Murders and gun violence fall in first two months of 2023

Los Angeles sees declines after a pandemic crime surge

Illustration of a body outline spread across the map of L.A.


In the months and then years after the pandemic began, many cities across the country experienced a surge in violent crime. That included Los Angeles. In 2021 there were 397 murders in the city, the highest annual count in 14 years. In 2022 there were 382 homicides.


Two months into 2023, the situation is changing. Murders are down, and so is overall gun crime.


“We continue to see an improvement in our violent crime numbers, specifically in our shooting violence,” Police Chief Michel Moore told the Los Angeles Police Commission at its Feb. 28 meeting.


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Through the end of February, the Los Angeles Police Department recorded 40 murders. That is down 31% from the 58 homicide victims in the same period in 2022.


It is a 39.4% decline from the 66 homicides in the equivalent timeframe in 2021.


Bar chart of homicides in January and February from 2018-2023


Approximately 72% of the murders so far this year involved a gun, similar to the breakdown in each of the last two years. 


However, overall gun violence has fallen sharply in the city.


Line chart of monthly homicides in Los Angeles, Jan. 2022-Feb. 23


The number of shooting victims began notably declining last September, and the trend has continued into 2023. In February 85 people in the city were struck by gunfire.


This makes five consecutive months with fewer than 100 shooting victims, according to publicly available Los Angeles Police Department data. The last five-month period at this level was January-May 2020.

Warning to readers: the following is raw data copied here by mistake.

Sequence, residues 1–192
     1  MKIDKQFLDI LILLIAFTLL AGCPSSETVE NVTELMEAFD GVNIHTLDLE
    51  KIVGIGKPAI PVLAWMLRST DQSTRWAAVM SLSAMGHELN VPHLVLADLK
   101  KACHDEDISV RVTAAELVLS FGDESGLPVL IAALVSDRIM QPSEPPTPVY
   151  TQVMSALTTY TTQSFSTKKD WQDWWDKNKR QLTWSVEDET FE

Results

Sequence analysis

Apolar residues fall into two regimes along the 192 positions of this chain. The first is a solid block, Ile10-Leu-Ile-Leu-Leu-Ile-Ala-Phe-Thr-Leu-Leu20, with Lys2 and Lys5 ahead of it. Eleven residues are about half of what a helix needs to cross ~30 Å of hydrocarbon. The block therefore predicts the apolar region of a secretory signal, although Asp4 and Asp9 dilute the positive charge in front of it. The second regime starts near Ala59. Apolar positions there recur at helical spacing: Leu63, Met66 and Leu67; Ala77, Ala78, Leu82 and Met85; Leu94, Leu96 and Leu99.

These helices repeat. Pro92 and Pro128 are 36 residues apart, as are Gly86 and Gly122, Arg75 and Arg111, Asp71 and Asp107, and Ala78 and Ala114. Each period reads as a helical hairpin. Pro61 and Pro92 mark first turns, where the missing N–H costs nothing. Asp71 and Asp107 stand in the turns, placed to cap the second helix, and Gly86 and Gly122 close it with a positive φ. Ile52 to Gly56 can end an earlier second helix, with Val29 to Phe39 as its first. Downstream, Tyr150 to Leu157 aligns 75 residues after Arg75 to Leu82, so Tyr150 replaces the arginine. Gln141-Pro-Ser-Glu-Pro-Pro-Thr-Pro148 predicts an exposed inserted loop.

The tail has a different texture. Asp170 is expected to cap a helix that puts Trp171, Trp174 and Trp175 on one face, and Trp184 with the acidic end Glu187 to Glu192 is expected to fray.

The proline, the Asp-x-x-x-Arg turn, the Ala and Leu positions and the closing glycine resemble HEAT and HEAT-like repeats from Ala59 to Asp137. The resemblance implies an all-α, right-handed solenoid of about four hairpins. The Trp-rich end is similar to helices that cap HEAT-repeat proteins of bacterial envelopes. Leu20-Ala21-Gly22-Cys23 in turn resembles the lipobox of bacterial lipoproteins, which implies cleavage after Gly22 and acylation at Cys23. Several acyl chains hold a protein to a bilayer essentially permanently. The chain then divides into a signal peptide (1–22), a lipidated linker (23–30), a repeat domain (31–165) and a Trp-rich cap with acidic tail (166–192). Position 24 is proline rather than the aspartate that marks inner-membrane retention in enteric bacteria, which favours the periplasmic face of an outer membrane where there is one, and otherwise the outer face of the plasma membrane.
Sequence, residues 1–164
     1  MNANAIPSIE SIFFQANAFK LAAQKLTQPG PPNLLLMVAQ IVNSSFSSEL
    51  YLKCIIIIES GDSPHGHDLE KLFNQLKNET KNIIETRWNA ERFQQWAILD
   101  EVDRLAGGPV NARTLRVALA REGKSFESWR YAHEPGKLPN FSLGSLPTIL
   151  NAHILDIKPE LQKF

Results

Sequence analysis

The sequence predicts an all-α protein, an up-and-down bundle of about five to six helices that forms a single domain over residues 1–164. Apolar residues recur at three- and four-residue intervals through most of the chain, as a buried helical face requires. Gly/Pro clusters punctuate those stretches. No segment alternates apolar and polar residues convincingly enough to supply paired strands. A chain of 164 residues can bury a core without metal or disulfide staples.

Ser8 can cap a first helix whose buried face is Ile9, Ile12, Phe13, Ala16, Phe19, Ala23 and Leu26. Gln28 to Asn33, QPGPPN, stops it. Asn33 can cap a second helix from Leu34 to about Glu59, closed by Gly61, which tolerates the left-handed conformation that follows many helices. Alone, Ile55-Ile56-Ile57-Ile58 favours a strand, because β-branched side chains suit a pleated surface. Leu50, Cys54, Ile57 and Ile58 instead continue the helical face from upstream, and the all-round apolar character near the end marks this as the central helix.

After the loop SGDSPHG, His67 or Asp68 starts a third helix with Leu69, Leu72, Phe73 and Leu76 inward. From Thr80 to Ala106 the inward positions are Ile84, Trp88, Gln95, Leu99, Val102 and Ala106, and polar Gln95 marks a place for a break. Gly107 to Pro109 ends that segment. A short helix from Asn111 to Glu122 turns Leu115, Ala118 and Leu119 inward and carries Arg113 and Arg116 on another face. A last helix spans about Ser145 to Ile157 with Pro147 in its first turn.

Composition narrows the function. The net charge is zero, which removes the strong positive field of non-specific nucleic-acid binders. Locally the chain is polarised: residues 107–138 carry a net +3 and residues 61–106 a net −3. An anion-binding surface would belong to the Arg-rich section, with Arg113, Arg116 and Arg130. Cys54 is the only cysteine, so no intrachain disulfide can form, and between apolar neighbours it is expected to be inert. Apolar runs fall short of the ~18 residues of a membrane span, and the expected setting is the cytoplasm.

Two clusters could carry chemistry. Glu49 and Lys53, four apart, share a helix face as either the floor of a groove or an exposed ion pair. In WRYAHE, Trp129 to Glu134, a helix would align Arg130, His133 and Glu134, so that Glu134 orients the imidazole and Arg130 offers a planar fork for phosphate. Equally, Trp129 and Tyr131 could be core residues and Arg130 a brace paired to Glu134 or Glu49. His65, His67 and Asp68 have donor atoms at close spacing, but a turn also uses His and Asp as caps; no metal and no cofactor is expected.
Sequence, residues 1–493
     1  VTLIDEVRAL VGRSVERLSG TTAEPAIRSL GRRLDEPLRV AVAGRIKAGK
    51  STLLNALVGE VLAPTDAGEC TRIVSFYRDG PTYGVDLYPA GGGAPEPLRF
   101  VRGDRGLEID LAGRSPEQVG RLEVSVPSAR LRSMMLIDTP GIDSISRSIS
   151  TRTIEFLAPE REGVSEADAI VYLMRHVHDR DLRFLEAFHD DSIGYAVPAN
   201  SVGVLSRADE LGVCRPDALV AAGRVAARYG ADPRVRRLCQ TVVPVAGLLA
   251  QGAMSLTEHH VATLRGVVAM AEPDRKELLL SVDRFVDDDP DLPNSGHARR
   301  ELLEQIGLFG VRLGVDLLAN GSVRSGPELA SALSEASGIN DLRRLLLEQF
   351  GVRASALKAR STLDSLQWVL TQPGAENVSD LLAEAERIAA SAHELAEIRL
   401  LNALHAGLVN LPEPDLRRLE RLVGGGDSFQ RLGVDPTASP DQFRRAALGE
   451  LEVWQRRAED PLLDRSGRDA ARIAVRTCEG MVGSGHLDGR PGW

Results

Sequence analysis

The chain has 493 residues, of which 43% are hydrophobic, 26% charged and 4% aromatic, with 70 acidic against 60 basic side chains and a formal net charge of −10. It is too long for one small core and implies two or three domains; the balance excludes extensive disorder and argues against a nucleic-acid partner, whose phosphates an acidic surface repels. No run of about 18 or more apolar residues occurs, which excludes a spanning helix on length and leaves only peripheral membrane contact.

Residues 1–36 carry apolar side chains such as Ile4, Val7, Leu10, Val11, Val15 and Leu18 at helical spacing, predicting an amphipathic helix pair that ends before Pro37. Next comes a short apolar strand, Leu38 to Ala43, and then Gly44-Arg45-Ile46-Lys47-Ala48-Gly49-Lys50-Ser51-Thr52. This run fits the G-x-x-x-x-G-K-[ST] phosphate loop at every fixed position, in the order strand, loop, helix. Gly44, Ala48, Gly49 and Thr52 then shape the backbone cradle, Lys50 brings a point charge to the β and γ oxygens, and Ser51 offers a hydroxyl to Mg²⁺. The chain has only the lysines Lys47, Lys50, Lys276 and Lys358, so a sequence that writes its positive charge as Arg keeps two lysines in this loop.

Line chart of shootings victims in Los Angeles by month, January 2022-February 23.


No shortage of tragedy

Although the number of murders has fallen this year, there has been no shortage of tragedy in the region. There was a triple homicide on the morning of Jan. 28, with three young women killed in the Beverly Crest neighborhood.


Last month, the city was shaken by shootings on consecutive mornings of Jewish men as they walked home from temple in Pico-Robertson. Jaime Tran, 28, was arrested on the afternoon of Feb. 16. Authorities have identified a history of antisemitic activity, and he faces federal hate crime charges.


Then there was the horrific mass shooting during Lunar New Year festivities on Jan. 21, when 11 people were killed in a dance studio. That was in Monterey Park, outside of city limits, but still within Los Angeles County.


Although overall homicides are falling in the city, the place where the most murders happen has not changed. Downtown registered nine killings in the first two months of 2023. The second highest toll was in Westlake, where four people were killed.


Los Angeles is not alone in seeing a decline in gun violence in the new year. However, the 31% year-over-year drop in homicides exceeds what has occurred in some other major metropolitan areas.


From Jan. 1–Feb. 19, there were 49 murders in New York City, according to Compstat data from the New York Police Department. That is a 12.5% drop from the 56 homicides in the same period in 2022.


In Chicago, there were 73 killings between Jan. 1 and Feb. 26, according to Chicago Police Department Compstat data. That represents an 18% decrease from the 89 murders in that timeframe in 2022.


The improvements in the crime picture in Los Angeles this year extend beyond gun violence. According to LAPD Compstat data, overall violent crime from Jan. 1–Feb. 25 is down 10.9% from the same period last year.


There were 14,926 property crimes—a category including car break-ins, burglaries and vehicle thefts—in the city from Jan. 1–Feb. 25. That is a 4.1% decline from the same period the year before.


How we did it: We examined publicly available crime data from the Los Angeles Police Department from Jan. 1, 2010–Feb. 28, 2023, as well as LAPD Compstat data. Learn more about our data here.


LAPD data only reflects crimes that are reported to the department, not how many crimes actually occurred. In making our calculations, we rely on the data the LAPD makes publicly available. LAPD may update past crime reports with new information, or recategorize past reports. Those revised reports do not always automatically become part of the public database.


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